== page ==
I was an underground rapper and only 16 years old, a freshman at high school. Bang thought I had potential as a rapper and lyricist, and we went from there. Then Suga joined us.
I didn't actually start playing the banjo until I was in high school.
I was raised in a Baptist tradition, but then I went to an Episcopalian high school, and they were very accepting of people of all faiths.
I played in the high school band. I was the one baritone saxophone out of 80 other people. No one could tell whether I was hittin' the right notes or the wrong notes.
When I went to high school, my most passionate desire was to be a professional baseball player. But something within me told me that was not going to happen.
I started recording in my sophomore year in high school. I recorded things on my cell phone in my basement.
I worked as an intern. I worked at a high school. I worked at a college newspaper while I was taking 18 credits while on the basketball team.
My maternal grandmother was a star on her high school basketball team in small-town Mississippi.
I have no idea what my batting average was in high school, but I know it wasn't below .450, and that's pretty good hitting where I come from.
I went through a lot of battles in high school.
Friends who were so supportive absolutely made my high school - that could have been traumatic - they definitely made it bearable.
I was obsessed with being popular in high school and never achieved it. There's photos from our high school musicals, and I'm comically in the deep background, wearing a beggar's costume.
In grade school I was smart, but I didn't have any friends. In high school, I quit being smart and started having friends.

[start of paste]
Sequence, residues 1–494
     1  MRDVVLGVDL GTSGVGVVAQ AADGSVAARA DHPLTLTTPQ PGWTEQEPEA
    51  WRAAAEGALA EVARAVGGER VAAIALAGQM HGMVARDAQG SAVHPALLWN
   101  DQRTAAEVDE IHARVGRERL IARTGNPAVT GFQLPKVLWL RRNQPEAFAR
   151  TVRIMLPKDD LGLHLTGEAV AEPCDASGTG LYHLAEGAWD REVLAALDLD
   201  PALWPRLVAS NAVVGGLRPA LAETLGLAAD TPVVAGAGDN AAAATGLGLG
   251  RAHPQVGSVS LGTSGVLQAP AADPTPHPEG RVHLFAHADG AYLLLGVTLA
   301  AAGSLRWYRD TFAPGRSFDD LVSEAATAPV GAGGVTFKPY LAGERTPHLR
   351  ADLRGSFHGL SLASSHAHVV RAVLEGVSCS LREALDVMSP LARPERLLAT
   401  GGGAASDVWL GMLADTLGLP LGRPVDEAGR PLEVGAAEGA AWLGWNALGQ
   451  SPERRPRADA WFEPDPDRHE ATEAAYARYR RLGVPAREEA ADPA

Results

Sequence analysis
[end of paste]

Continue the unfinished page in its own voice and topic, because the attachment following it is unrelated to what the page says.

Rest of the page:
It wasn't until I went to Korea out of high school and got exposed to the martial arts for the first time and was just completely enamored with the physical ability of the martial arts and making my black belt.
My high school in South Bend had nearly a thousand students. Statistically, that means that several dozen were gay or lesbian. Yet, when I graduated in 2000, I had yet to encounter a single openly LGBT student there.
I went to Detroit Public Schools: Harms Elementary, Bennett, which is now called Phoenix Academy. This is all in Southwest Detroit. I graduated from Southwestern High School, so I'm a 'Prospector,' which is what we used to call each other.
Then, when I was a senior in high school, I was kind of bereft and she put me in an acting class.
I was in a high school where everybody was a click better off.
Jazz is the big brother of the blues. If a guy's playing blues like we play, he's in high school. When he starts playing jazz it's like going on to college, to a school of higher learning.
I sort of knew very early on that I wanted to be a writer. Even in high school, I was a big movie buff, very much into TV shows, and would critique them.